Browsing Category: contemporary sculpture

  • Richard Deacon, Never Mind (1993-2017)

    Does a ship replaced beam by beam remain the same vessel? Does a broom with 17 new heads and 14 new handles remain the same broom? Does a refabricated sculpture remain an original? Never Mind once looked like a hull. So it is apt that Richard Deacon’s long running artwork be used to illustrate Theseus’s …

    July 4, 2017
  • Chris Burden, Beam Drop Antwerp (2009)

    I once knew a live music review to open with the following line: “Blur used the minimum of props to the maximum of effect. Damon was lowered from the roof in a giant TV set.” The author, who was a colleague on the student newspaper I wrote for, accosted me in the bar and read …

    July 3, 2017
  • Bedwyr Williams, Strafed (2012)

    “Strafing is the military practice of attacking ground targets from low-flying aircraft using aircraft-mounted automatic weapons ranging from machine guns to auto cannons or rotary cannons.” Armed with this knowledge, if not this hardware, we can safely say that Williams’ picnic suite appears to be the worse for an encounter with an airborne machine gun. …

    May 31, 2016
  • Nicole Wermers, Untitled Chairs (2015)

    Last night I dreamed about this, my least favourite piece of art from the 2015 Turner Prize exhibition in Glasgow. What you see, is what I thought I was getting: fur coats on chairs. The coats are actually sewn around the chairs. So this is presented as a comment on claiming space in an urban environment. …

    October 9, 2015
  • Ben Woodeson, Rat Trap Neon (2013)

    There are plenty of ways into this show-stopping piece by UK artist Ben Woodeson. But explore just a little and you may find no way out. One or more of those rat traps will hold you fast. Of course, that’s not an invitation to touch. The art itself would come off as badly as you. …

    August 14, 2015
  • Jeff Koons, Michael Jackson and Bubbles (1988)

    It’s the hair on the chimp. It’s as tousled as that of a Greek god. It’s as gilded as that of a Catholic saint. But it renders Bubbles more human than even Michael himself could have hoped for. Growing up in the 1980s, the name and existence of this pet monkey was household knowledge. It boosted …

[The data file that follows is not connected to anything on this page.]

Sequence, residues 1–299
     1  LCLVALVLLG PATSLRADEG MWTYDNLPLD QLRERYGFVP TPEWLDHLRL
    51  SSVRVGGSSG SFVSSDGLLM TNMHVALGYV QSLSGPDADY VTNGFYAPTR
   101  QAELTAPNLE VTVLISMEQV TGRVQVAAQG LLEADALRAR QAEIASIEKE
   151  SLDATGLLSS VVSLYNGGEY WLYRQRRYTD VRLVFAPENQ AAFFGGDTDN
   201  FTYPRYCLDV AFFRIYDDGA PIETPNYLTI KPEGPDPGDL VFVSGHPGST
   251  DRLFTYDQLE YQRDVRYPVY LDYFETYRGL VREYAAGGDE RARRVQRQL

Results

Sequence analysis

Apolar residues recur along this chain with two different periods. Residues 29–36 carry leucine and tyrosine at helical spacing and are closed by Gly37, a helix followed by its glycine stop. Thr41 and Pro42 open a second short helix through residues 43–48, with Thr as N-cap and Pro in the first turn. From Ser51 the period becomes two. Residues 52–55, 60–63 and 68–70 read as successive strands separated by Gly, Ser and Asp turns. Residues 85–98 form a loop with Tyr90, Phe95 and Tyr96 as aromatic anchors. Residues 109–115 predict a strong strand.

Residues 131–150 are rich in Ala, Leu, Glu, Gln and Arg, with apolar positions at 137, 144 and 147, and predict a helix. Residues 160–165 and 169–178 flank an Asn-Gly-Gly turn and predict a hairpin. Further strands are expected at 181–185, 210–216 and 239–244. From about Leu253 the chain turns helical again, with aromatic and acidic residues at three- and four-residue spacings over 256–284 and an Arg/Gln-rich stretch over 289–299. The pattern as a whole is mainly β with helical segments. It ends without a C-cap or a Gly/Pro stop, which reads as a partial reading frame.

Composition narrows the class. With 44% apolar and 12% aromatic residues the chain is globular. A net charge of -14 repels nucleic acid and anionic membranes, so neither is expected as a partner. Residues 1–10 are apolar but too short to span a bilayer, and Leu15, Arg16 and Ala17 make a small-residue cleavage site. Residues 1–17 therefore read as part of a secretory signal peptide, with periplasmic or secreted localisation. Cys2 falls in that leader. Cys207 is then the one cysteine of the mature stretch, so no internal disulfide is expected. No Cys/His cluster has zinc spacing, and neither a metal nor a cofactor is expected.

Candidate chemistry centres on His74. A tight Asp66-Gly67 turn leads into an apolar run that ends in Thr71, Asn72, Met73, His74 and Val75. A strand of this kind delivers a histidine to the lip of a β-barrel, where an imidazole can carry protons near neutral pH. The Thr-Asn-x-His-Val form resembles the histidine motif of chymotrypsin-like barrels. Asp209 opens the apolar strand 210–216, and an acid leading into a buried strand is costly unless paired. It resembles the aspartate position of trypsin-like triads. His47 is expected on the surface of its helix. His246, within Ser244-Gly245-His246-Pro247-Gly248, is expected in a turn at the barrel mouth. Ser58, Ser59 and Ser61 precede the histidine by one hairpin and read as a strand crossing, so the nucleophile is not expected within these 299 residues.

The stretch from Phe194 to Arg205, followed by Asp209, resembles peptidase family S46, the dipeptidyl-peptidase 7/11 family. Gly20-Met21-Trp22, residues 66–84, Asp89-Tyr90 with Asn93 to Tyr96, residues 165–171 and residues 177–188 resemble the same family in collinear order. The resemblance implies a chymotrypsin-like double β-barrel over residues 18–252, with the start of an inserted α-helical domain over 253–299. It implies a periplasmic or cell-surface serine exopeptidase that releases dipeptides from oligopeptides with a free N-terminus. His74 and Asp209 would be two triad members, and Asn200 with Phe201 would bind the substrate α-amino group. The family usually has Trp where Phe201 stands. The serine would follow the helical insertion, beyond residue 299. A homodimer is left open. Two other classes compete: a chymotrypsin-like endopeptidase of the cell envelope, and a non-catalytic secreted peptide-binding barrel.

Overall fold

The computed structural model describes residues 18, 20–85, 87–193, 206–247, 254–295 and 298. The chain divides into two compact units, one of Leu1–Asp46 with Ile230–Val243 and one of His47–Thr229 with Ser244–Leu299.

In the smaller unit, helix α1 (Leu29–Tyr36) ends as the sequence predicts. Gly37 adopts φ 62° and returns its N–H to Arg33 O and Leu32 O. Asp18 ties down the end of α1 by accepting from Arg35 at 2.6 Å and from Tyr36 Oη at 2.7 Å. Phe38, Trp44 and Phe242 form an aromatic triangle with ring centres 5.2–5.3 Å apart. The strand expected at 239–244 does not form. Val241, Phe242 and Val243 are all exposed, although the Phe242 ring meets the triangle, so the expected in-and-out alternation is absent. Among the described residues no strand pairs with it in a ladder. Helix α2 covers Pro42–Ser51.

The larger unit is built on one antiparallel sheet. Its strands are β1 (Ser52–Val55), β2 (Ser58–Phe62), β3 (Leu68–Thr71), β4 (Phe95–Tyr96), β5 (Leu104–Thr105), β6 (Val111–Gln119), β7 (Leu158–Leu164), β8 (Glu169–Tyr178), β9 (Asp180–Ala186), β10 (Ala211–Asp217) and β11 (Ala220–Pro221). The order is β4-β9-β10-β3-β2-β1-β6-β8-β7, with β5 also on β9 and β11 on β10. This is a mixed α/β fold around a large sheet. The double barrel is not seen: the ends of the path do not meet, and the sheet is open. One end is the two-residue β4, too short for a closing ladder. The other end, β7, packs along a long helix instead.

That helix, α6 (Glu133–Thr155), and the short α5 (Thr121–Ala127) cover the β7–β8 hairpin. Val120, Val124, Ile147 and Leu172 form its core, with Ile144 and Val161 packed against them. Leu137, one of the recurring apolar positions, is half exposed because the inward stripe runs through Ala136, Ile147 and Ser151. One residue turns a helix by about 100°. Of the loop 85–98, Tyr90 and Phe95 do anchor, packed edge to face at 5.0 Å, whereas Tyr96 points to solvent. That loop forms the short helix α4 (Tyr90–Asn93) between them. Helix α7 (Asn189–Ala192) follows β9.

June 17, 2015
  • The Chapman Brothers, Sturm und Drang (2015)

    To hear this described, you might imagine something on a more imposing scale: a blasted tree hung with bodies of soldiering age, the reconstruction of a Goya etching. But the truth is, Sturm und Drang looks a bit like a toy. This wicked bronze plays out in the shadow of the viewer, as if these dead …

    June 5, 2015
  • Nathan Coley, You Imagine What You Desire (2014)

    What a difference a new occasion makes. The last installation of You Imagine What You Desire was over 17,000 km away at a Biennial in Sydney. Now it appears in a festival in Brighton. But geography is the least of it. In Sydney it was on a gallery facade; in Brighton it is in an …

    May 12, 2015
  • Richard Serra, The Matter of Time (1994-2005)

    To some degree this is art for the feet. Serra’s eight sculptures invite you to walk them in sequence. In fact they demand it. How else will you get to see them? Thus it takes half an hour to simply cover the ground of this semi-permanent show in the Arcelor-Mittal Gallery here at the Guggenheim …

    September 22, 2012
  • Jeremy Deller, The Bruce Lacey Experience (2012)

    This in-depth documentary about a great living artist premiered at Brighton Festival not so long after network TV screened an in-depth doc about its maker Jeremy Deller. The results were two quite different films. But the subjects have more in common than both having worked together on The Bruce Lacey Experience. Like Deller, Lacey has …

    June 15, 2012